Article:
resentative Davis, of Chicago, vainly endeavored
to obtain the floor to reply, but Springer, the
presiding officer, successfully avoided recogniz
ing Mr. Davis for that nurpose.
The Democrats will find that they have made
a very unpleasant record in voting down all
the Republican amennments. They have thus
declared themselves in favor of the proposition
that ✓bile the United States may not keep
the peace at the polls, and while Federal Mar
shals may not enforce the processes of the law
on election-day, yet the Red Shirts, White
Liners, Ku-Klux, Knights of the Camelias, and
things of ail sorts may be there unmolested,
with the promise that any laws by which they
might be punished
The Greenbackers voted for the passage of the
bill, hoping that they might secure Democratic
votes for a session Monday, in order that they
might start their inflation schemes. They were
deceived, however, for the House, by a vote of
154 yeas to 109 nays, adjourned until Tuesday.
The bill will go to the Senate Monday, and the
debate, which can scarcely last less than ten
days, will doubtless begin there Tuesday.
The Democrats have carried their point in the
House, but they are by no means ccatain as to
the outcome of this business. If Randolph
Tucker yesterday, in declaring that the army
shall be disbanded June 30 unless the political
amendments are approved by the President,
spoke the sentiment of a majority of the Dem
ocrats in the House, it is certain that there will
be a split in the Democratic party if
there is a vote. The extreme * Demo
crats, represented by Mr. Tucker, will" find
it imnossibie to carry with them the whole of
their side In any movement such as he an
nounced. The Democrats who have been dis
satisfied with the recent course of those who
have taken control have kept silent out of a
desire to
in tlieir ranks. But there are more than enough
of them, together with the Republicans, to pass
the Army bill without the objectionable legisla
tion in case of a veto, and who are quietly de
termined to do so, and will support no such
proposition as Mr. Tucker’s, if he and others
with him should commit the lolly of trying to
reduce his threat to practice.
Democratic Senators arc even less inclined to
take such action as Mr. Tucker advocated and
foretold. If the extreme Democrats stand firm
they will wrench their party to pieces before
the mouth is over. The probability, however, is
that they will have to give way, and that the
whole of the proposed political legislation will
be remodeled before it gels out of the Senate.
To the TTcatem Associated Press.
Washington, D. C., Aprils.—ln the Honse
the amendment offered yesterday by Mr. New,
that a repeal shall not abridge or effect the right
and duty of the Executive to respond to a call
of a State Legislature or Governor was agreed
to,—So to 4. The Republicans did not vote.
Mr. Lowe moved to strike out Sec. 6.
Mr. Conger suggested that If that were'doue
bis side would aid in passing immediately, with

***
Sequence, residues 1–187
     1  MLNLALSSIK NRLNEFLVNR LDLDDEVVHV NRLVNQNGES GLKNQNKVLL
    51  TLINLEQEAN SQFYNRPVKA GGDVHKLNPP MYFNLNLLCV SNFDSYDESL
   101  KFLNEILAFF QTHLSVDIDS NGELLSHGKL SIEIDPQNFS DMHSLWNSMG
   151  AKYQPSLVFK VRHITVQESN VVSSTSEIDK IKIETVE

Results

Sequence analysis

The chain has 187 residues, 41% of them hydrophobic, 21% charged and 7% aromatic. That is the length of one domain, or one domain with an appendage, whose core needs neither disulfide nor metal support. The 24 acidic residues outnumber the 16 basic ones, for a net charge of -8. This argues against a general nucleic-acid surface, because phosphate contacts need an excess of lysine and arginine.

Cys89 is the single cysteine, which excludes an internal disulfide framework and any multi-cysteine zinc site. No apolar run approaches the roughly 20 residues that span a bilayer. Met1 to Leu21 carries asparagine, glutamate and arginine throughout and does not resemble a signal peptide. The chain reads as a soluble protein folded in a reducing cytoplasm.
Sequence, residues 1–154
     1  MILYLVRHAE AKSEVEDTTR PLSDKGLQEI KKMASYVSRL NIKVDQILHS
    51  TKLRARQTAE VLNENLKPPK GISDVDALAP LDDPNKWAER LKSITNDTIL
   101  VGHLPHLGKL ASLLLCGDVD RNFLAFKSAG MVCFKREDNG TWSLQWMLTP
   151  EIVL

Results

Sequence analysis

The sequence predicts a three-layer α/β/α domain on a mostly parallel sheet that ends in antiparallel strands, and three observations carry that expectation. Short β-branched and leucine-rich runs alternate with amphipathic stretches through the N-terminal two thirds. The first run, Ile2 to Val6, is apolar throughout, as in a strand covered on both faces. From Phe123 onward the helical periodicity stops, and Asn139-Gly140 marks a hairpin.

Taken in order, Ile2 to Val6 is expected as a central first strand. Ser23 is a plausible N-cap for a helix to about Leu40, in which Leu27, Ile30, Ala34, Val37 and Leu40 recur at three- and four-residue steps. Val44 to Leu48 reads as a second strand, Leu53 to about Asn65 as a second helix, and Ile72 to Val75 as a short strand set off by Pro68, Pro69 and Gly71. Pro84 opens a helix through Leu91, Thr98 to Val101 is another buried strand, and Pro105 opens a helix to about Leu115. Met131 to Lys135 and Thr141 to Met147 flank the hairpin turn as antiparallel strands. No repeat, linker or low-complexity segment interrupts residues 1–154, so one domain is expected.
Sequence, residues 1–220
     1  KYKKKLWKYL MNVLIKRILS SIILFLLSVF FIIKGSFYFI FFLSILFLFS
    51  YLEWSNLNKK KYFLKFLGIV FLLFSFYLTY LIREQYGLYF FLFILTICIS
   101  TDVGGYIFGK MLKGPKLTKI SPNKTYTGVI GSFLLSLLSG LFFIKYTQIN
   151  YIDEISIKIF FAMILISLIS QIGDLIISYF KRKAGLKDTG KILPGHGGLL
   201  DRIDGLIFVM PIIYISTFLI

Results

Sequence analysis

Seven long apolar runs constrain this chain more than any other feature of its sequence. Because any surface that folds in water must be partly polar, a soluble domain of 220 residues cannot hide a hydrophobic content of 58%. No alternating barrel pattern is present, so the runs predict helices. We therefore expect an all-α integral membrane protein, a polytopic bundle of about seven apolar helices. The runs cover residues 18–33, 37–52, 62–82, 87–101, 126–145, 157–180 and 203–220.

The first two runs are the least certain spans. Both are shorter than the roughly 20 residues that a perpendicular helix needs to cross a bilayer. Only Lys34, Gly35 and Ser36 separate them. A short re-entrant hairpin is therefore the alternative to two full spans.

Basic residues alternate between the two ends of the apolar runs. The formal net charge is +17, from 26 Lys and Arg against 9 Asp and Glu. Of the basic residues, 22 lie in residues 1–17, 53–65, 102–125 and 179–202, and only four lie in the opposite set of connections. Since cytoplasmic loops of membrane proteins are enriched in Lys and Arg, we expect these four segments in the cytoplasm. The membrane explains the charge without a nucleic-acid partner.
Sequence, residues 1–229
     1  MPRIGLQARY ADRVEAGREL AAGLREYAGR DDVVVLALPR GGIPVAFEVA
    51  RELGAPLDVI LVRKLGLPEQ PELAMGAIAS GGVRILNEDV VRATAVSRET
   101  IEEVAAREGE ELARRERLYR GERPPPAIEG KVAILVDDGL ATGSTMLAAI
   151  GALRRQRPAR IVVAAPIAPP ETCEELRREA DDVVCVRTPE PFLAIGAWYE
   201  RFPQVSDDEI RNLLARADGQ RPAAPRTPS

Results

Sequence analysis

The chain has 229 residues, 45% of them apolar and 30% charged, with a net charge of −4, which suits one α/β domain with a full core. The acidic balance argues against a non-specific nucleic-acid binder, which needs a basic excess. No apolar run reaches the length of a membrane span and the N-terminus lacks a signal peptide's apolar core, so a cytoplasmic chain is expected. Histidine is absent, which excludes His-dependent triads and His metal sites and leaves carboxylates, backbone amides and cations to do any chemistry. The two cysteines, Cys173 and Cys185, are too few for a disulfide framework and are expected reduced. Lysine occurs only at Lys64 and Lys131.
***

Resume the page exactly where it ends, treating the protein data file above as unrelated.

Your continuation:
out debate, a separate bill repealing entirely
the so-called objectionable section of the stat
Mr. McMahon, speaking for himself, repudi
ated the propost lion.
Mr. Sparks called attention to an account in
the Chicago Lder-Ocean of an interview with
President Hayes by Mr. Davis, of Chicago, and
said there was effort made to coerce the Presi
dent into the extreme measures of the party.
Yet Chicago had just given a Democratic ma
jority of 4.523 to Carter Harrison. In place of
putting ramrods into the President’s backbone,
all the marrow and stiffness had been taken out
of the Republicans. That Democratic vic
tory In Chicago was the first popular response
from a Republican city, and it was startling in
its character.
was whether or not m tnis country, this free
country, this great Republic, the armed soldiers,
the paid servants of the sovereign people, were
to come to the noils to drive the sovereign peo
ple aivav. That was the issue.
Gentlemen (Mr. Sparks said, addressing the
Republican side), you make the issue; we go to
the country upon it; we mean to stand upon it;
we know this sovereign power that stands be
hind us, stands behind you, and to it the Pres
ident, and Governors, and Congress must all
yield, and the sovereign people we know are
with us.
Mr. Uaswell inquired whether Wisconsin had
not shown an increased Republican majority of
6.000 votes.
Mr. Sparks replied that Wisconsin was hardly
Important enough to consider. He was talking
about the Republican City of Chicago.
Mr. Caswell inquired whether his friend did
doc recognize that the Grecnbackers had helped
the Democrats to - carry the election at Chicago.
Air. Brace, in answer to the first question of
hia colleague, said the Judge of the Supreme
Court, who had been elected in Wisconsin by
10,000 majority, bad not been the nominee of
the Republican party, but that every Republican
newspaper in the State had discarded the idea
that there should be any politics in the election,
and members of the Bar belonging to the Demo
cratic party had supported him. And now he
would like to ask his colleague why it was he
and his colleagues on the Republican side of the
House were sustaining the right to maintain